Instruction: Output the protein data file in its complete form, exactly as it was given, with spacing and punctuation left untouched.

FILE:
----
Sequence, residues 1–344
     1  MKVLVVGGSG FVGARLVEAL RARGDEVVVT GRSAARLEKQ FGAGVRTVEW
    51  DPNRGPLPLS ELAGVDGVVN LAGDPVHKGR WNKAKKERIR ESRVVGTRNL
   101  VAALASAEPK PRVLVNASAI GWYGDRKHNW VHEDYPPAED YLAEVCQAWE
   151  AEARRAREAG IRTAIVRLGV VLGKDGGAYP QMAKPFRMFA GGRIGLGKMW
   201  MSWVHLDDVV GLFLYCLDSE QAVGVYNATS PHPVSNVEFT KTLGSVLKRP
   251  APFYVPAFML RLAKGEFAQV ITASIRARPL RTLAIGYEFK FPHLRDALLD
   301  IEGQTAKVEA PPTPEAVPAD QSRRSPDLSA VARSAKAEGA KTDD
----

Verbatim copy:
Sequence, residues 1–344
     1  MKVLVVGGSG FVGARLVEAL RARGDEVVVT GRSAARLEKQ FGAGVRTVEW
    51  DPNRGPLPLS ELAGVDGVVN LAGDPVHKGR WNKAKKERIR ESRVVGTRNL
   101  VAALASAEPK PRVLVNASAI GWYGDRKHNW VHEDYPPAED YLAEVCQAWE
   151  AEARRAREAG IRTAIVRLGV VLGKDGGAYP QMAKPFRMFA GGRIGLGKMW
   201  MSWVHLDDVV GLFLYCLDSE QAVGVYNATS PHPVSNVEFT KTLGSVLKRP
   251  APFYVPAFML RLAKGEFAQV ITASIRARPL RTLAIGYEFK FPHLRDALLD
   301  IEGQTAKVEA PPTPEAVPAD QSRRSPDLSA VARSAKAEGA KTDD